NASA and Esa signed a letter of intent that may lead to the first “round trip” to another planet.
Space agencies in the United States and Europe are withdrawing Mars rock and soil samples towards a joint mission.
The move was announced at a conference held in Berlin, Germany, to discuss the scientific goals and feasibility of the Mars Sample Return (MSR) mission.
The joint venture will allow scientists to answer key questions about the history of Mars.
These questions include whether or not the Red Planet once presided over life.
Scientists at the Mars conference said they can only learn a lot from Mars meteorite and various rovers and static landers sent to the Red Planet.
The next step must be to retrieve samples from the surface of Mars, send them into space and safely place them on Earth.
They can then perform detailed analyses in the lab, using current, too-heavy, power-consuming instruments as part of the payload and technology of robotic rover vehicles that are difficult to implement 55 million kilometers away.
Dr. Thomas Zurbuchen, Deputy Secretary of Science of NASA Science and Technology, announced at the ILA Berlin Aerospace Exhibition held in conjunction with the Mars Conference: “We hope to cooperate with the European Space Agency, but we must also cooperate with the European Space Agency and other partners.”
He said that this includes potential links with the commercial space sector and added: “We will look at the products available on the commercial market at every point, and NASA has no interest in developing what we can buy.”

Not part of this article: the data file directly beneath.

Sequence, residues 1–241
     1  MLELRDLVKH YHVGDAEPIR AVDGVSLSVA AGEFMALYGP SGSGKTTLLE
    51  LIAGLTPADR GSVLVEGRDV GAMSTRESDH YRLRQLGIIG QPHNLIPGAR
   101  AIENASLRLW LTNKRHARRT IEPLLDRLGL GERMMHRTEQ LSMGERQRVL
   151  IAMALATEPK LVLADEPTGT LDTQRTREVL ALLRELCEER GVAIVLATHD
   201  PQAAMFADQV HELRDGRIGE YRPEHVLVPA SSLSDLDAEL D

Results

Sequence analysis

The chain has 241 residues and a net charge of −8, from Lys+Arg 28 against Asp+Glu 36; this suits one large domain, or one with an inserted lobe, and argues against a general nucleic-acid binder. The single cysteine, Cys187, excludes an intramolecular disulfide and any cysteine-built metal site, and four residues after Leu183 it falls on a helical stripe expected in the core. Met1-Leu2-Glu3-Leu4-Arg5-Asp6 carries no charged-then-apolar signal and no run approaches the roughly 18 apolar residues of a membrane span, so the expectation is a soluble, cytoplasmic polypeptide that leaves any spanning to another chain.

Dave Parker, head of human and robot detection at Esa, commented: “Every task we send to Mars has found something unusual, which is important because we tend to plan for the next or next task.”
The NASA 2020 roving mission is expected to help pave the way for the return of Mars samples by drilling into the surface and buffering the cores in the containers. But this is mainly for demonstration.
The design of the sample backhaul task will need to be developed in the coming years. The previous concept has conceived of a rover for storing geological samples of Mars’ scientific ideal location.
The cached sample will then be loaded onto an ascending vehicle that will take off from the surface of Mars. After cruising returns to Earth, the descent module will land through the Earth’s atmosphere and send the first batch of Mars samples retrieved directly to experts waiting for the ground.
Protecting the planet
If life existed in the past on the Red Planet, it would likely have been microbial in nature. Today, the high levels of cosmic radiation on Mars’ surface – a consequence of its thin atmosphere – would create a hostile environment for any organisms.
However, the fact that organisms live in Martian soil today is unlikely to occur. The treatment of the Mission itself and the processing of samples after reaching the Earth require strict quarantine or “planetary protection” procedures to prevent pollution of the Earth’s biosphere and any Mars insect.
Dr. Zurbuchen said that the sample return mission is also important for the later planned human Mars exploration. He said that NASA should begin to consider it in the 2030s.
“I can imagine a lot of scenes. The sample is actually very important for us how to explore humanity,” he said.
Nasa and Esa had previously worked together on a programme to return geological samples from the Red Planet. In 2009, the agencies agreed to collaborate on the Mars Joint Exploration Initiative, which would have culminated in the recovery of samples in the 2020s.
But in 2011, Nasa cancelled its participation in the project amid a budgetary squeeze.
The 2nd International Mars Sample Return Conference is taking place from 25-27 April 2018 in Berlin.